and this jewish boy got an eye opener 
     anyway FairTradeFish is me-Us and about to do this docu, we hope with Chickenman on delivering this ambulance to Iztapa, but it will also be for use in Chiapas  [An Ambulance for Iztapa}

    jaaaaaaaa LMMFAO

    God Bless
    San Simon y todos

    and travel is best
    just be nice and have respect

  • Fuchumo

    Drug cartels are fueled by junkies here in the state lol The DEA didnt go after escobar(cocaine) and Khun sa(heroin) because they were a threat, is because the DEA needed a figure head and keep the DEA in service. Just imagine if they end the war on drugs? Thousand of agents/agencies would lose their job/defunct and that equals to unemployment. The system want their citizens to be addicted and arrested. It all comes down to money and politics. Would you want thousands of unemployed cops and federal workers? Nope The US gov will do what it takes to keep that way.

    The enemy of my enemy is my friend tactic

  • sophisticated soul

    ive been traying to look for movie times but no luck in my city, only in holllywood is this going to be available later everywhere else?

  • Tony Sosa

    and u would think the Mexican government would back up this movement…..couldn't be further from the truth….they have gone as far as openly use their army and federal police to stop this movement….maybe u should look into that as well, it would make a really good fallow-up….

  • Sebastian Sch√ľrmann

    That VICE interviews Bigelow is a bummer to me. Didn't we all learn from "Zero dark 30"? Now she is able to spread a "truth" about the war on drugs and helping us realize us miltary aid for central america is good? Vice, you just unmasked yourself. Welcome to teh main stream, welcome to the list of media just repeating US politics talking points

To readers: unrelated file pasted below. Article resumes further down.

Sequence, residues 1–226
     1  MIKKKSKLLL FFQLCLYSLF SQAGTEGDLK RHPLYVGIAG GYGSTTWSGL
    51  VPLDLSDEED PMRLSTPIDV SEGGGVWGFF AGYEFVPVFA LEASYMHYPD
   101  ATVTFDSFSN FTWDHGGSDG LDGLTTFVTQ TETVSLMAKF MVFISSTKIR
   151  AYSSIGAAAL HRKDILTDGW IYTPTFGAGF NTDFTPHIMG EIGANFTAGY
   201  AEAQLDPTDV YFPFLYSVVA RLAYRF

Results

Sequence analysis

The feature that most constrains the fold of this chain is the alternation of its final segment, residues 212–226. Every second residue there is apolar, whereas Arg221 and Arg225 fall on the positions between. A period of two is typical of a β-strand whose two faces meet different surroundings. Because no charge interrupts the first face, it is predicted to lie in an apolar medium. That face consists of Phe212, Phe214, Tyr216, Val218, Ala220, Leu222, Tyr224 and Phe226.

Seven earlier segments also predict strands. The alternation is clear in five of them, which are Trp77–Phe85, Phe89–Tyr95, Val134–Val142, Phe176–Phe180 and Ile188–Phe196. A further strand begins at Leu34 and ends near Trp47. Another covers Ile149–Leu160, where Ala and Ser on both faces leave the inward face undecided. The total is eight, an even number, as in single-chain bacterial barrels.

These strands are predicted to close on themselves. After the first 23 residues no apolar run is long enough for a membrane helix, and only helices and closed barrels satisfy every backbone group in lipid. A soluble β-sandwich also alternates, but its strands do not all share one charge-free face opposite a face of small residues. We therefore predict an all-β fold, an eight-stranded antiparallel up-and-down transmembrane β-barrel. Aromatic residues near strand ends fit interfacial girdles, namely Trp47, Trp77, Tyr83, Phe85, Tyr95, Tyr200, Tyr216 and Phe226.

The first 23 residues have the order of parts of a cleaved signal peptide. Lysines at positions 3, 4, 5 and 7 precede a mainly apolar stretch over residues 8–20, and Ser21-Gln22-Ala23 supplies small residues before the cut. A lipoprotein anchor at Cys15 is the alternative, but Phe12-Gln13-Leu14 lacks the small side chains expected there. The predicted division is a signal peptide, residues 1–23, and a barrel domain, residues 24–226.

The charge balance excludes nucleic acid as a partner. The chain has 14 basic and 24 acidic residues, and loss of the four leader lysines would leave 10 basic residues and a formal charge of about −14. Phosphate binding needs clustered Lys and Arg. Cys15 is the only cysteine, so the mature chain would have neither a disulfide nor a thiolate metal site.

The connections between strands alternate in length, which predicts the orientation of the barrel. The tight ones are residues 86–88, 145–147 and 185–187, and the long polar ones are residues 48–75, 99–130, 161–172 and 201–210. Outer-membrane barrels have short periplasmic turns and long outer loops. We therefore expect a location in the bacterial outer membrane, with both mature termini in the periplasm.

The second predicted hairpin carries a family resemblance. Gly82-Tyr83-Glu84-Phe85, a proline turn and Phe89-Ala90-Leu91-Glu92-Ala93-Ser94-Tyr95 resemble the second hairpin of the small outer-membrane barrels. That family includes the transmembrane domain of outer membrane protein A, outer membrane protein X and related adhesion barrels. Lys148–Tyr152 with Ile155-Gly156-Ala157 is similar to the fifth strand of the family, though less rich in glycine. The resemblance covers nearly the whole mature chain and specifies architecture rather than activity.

• Ger Vas

    Do a documentary about Fast and Furious. Gunwalking", or "letting guns walk", was a tactic of the United States Bureau of Alcohol, Tobacco, Firearms and Explosives (ATF), which ran a series of sting operations[2][3] between 2006[4] and 2011[2][5] in the Tucson and Phoenix area where the ATF "purposely allowed licensed firearms dealers to sell weapons to illegal straw buyers, hoping to track the guns to Mexican drug cartel leaders and arrest them."[6] These operations were done under the umbrella of Project Gunrunner, a project intended to stem the flow of firearms into Mexico by interdicting straw purchasers and gun traffickers within the United States.[7] The Jacob Chambers Case began in October 2009 and eventually became known in February 2010 as "Operation Fast and Furious"

  • TheShells

    Vice via Bill M. is beyond doubt pro Obama and Hilary — It is fine but also disingenuous … I am not American but even I can see through the propaganda … ¬†A more honest and non bias approach would be nice – else why bother? ¬†The illegal drug industry is a 400 billion dollar trickle down economy as is the legitimate 600 billion dollar alcohol staple ..

  • Micheal Swank

    Super powerful. I just moved back from living in Mexico City DF for 3 years as a teacher. Even in DF we were protected from the depth of what was really happening miles from la ciudad. I been in the middle of marches on Reforma about the 43 students. I constantly ask my Mexican friends why the country has not fallen into civil war. Most feel it is apathy. "I have a job. I have enough." Change does not come easily. Heart crushing.

  • The GinSingers